First-ever successful IVF pregnancy in rhinos could save species from extinction

A scientific breakthrough could be the key to saving one of the world’s most rare species of rhino: the northern white rhino. 

Scientists from BioRescue, an international group of researchers whose aim is to save the northern white rhino from total extinction, have successfully transferred the world’s first southern white rhino embryo produced in vitro into a surrogate mother. 

Bittersweet results


FILE - Curra, a southern white rhino chosen for surrogacy.  (Jan Zwilling/BioRescue)

The initial embryo transfer was performed on Sept. 24, 2023. Curra, the surrogate mother, was monitored on a daily basis at the Ol Pejeta Conservancy in Kenya. 

Researchers at BioRescue were set to perform a pregnancy test on Curra on Nov. 28, 2023, however, due to an unfortunate infection, Curra died on Nov. 25, 2023, according to BioRescue. 

While investigating what caused Curra’s death, researchers were fortunately able to confirm that Curra was indeed pregnant with a male fetus as a result of the IVF transfer. 

Even though Curra could not carry the unborn calf to full term, scientists were able to examine the fetus and found that it had organs and was well on its way to becoming a fully developed calf. 


FILE - The last two northern white rhinos, Najin and Fatu and an inlaid image of the first-ever successful IVF rhino fetus implanted into a southern white rhino. (Jan Zwilling/BioRescue)

"It is bitter that this milestone is confirmed under such tragic circumstances with the death of the surrogate Curra and her unborn calf, but I am certain that this proof of concept is a turn of the tide for the survival of the northern white rhino and the health of Central-African ecosystems. It comes just in time to achieve a pregnancy for northern white rhinos: we want the offspring to live together with Najin and Fatu for years to learn the social behavior of its kind," Thomas Hildebrandt, BioRescue project head, said in a statement. 

Why does this matter? 

This is the world’s first successful IVF rhino pregnancy. 

While southern white rhinos are more prevalent in the wild (about 16,000) their counterparts, the northern white rhino, are listed as critically endangered and extinct in the wild mostly due to poaching, according to the Save The Rhino website.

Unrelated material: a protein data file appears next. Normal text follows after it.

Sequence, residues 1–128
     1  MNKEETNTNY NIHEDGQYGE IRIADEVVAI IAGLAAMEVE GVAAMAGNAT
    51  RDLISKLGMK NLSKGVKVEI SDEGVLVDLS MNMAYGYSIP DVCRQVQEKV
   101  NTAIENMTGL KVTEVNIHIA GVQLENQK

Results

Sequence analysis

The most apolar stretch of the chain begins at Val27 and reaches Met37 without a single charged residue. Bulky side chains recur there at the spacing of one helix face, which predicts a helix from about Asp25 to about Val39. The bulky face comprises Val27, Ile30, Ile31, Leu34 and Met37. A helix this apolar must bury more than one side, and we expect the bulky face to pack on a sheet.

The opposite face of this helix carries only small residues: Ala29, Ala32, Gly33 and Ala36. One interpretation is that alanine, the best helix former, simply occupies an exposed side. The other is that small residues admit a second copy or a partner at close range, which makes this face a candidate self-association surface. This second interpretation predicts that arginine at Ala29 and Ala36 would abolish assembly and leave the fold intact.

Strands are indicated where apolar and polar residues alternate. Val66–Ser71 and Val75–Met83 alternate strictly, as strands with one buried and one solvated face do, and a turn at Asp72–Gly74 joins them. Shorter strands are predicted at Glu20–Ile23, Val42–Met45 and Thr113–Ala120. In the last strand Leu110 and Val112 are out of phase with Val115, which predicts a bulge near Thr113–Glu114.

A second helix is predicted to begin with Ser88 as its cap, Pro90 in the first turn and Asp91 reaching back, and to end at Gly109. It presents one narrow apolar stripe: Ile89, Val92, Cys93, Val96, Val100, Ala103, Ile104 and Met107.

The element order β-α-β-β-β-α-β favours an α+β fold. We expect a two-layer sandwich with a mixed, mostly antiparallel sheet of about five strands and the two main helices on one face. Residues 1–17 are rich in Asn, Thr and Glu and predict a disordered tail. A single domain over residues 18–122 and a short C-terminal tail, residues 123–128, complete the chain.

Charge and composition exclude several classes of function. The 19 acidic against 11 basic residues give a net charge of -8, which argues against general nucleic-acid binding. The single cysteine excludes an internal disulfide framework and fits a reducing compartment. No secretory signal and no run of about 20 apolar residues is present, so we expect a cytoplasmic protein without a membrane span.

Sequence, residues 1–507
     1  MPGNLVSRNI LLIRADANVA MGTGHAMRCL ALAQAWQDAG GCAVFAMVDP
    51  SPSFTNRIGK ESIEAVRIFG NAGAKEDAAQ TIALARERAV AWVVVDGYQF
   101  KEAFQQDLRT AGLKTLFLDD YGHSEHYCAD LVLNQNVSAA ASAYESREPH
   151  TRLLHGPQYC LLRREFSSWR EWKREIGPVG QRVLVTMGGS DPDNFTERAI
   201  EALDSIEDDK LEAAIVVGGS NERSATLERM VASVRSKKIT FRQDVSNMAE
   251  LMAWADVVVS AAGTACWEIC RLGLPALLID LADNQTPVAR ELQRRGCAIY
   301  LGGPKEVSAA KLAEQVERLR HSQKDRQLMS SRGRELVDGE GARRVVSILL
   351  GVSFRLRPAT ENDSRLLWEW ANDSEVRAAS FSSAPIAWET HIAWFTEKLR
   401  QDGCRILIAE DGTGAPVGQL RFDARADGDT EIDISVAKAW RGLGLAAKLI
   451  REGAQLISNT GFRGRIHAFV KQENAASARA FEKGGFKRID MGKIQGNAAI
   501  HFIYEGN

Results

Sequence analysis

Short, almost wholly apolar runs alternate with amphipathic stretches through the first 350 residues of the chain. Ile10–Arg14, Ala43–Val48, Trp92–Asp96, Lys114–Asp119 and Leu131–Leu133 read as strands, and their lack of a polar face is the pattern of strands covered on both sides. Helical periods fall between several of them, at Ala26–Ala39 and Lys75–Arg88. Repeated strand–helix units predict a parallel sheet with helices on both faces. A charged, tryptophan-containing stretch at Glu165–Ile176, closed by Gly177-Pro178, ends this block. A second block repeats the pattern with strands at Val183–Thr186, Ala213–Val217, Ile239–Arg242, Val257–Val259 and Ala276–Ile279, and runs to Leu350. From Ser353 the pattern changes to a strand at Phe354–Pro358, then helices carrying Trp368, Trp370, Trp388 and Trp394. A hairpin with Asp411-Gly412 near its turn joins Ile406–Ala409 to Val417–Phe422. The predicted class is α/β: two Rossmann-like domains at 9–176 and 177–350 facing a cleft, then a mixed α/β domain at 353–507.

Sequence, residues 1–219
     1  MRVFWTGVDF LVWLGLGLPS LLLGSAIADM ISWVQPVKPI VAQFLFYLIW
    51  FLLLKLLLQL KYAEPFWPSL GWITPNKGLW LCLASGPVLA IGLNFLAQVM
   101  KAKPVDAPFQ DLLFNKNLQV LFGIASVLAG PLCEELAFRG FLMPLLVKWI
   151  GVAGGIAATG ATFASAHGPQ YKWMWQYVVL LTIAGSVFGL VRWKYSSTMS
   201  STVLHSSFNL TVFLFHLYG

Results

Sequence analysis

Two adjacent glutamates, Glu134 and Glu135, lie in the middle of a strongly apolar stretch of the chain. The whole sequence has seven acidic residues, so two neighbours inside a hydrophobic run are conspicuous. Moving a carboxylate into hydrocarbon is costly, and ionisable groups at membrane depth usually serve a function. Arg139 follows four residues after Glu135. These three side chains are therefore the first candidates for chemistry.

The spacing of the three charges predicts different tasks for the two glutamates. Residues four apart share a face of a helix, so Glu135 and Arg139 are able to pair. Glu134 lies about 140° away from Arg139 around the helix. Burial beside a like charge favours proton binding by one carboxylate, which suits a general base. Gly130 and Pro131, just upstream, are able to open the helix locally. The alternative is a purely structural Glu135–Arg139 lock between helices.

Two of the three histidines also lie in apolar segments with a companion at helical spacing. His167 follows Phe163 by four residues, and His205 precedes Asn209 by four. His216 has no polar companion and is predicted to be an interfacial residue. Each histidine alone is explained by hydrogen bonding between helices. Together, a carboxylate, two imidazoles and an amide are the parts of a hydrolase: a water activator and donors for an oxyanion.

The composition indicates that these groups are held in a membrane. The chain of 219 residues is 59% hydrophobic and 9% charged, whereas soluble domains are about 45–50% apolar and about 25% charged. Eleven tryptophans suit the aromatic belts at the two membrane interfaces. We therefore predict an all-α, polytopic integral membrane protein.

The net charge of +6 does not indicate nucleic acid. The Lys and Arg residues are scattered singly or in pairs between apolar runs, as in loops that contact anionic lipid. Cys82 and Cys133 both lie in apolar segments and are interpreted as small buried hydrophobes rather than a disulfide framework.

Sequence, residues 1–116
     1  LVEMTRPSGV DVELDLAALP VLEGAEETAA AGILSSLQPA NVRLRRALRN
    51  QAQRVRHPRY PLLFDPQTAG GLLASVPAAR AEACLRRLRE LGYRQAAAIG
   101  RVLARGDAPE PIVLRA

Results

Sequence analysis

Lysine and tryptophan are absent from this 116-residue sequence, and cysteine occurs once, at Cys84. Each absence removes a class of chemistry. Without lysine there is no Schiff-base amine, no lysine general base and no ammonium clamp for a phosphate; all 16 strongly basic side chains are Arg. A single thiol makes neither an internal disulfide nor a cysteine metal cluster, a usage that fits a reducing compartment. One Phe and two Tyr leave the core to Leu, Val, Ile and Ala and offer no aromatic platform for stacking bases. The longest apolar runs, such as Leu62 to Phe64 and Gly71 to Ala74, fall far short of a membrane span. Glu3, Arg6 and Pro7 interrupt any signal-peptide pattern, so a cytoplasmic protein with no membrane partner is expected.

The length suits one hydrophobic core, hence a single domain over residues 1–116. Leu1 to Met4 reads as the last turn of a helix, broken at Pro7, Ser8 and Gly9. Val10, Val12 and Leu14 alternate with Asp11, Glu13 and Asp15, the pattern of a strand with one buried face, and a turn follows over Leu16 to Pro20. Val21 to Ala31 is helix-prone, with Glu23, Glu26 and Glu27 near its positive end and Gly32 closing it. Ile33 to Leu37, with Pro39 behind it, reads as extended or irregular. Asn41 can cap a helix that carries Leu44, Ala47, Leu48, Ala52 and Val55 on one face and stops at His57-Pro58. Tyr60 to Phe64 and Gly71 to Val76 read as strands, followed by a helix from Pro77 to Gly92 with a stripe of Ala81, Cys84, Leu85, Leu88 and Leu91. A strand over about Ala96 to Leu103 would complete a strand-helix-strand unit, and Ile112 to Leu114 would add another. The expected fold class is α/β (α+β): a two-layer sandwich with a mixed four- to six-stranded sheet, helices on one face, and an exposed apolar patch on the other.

There are only two northern white rhinos left – Najin and Fatu – and both are female. 


FILE - Najin and Fatu, the last northern white rhinos on Earth at the Ol Pejeta Conservancy. (Jan Zwilling/BioRescue)

The last male northern white rhino died at the Ol Pejeta Conservancy in 2018. 

"The successful embryo transfer and pregnancy are a proof of concept and allow to now safely move to the transfer of northern white rhino embryos – a cornerstone in the mission to save the northern white rhino from extinction," BioRescue said in a news release. 

Frozen embryos ready to go 

There are currently 30 frozen northern white rhino embryos in Berlin, Germany, and Cremona, Italy, awaiting transfer into southern white rhino surrogate mothers. 

Teams at BioRescue performed 13 total embryo transfers in rhinoceroses so far. 

"The embryo transfer technique is well established for humans and for domesticated animals such as horses or cows. But for rhinos, it has been completely uncharted territory and anything from the approach over procedure protocols to required equipment had to be invented, developed, tried and tested to be safe for use. Together with the team and many professional partners, I developed the devices that can actually find and access the required location where to insert the tiny embryo into a 2-ton animal. It took many years to get it right and we are overwhelmed that we now have proof that this technique works perfectly," Hildebrandt said. 

It will take a few months before scientists can attempt an embryo transfer with a northern white rhino specimen. 

Najin and Fatu


FILE - Najin and Fatu at the Ol Pejeta Conservancy.  (Jan Zwilling/BioRescue)

Najin, 34, and Fatu, 23, (mother and daughter) are the last remaining northern white rhinos in the world. Both have been under 24-hour watch by armed security at the Ol Pejeta Conservancy. 

Neither rhino is capable of naturally reproducing offspring, according to the conservancy, which is why the IVF embryos will be implanted into southern white rhinos. 

This story was reported from Los Angeles.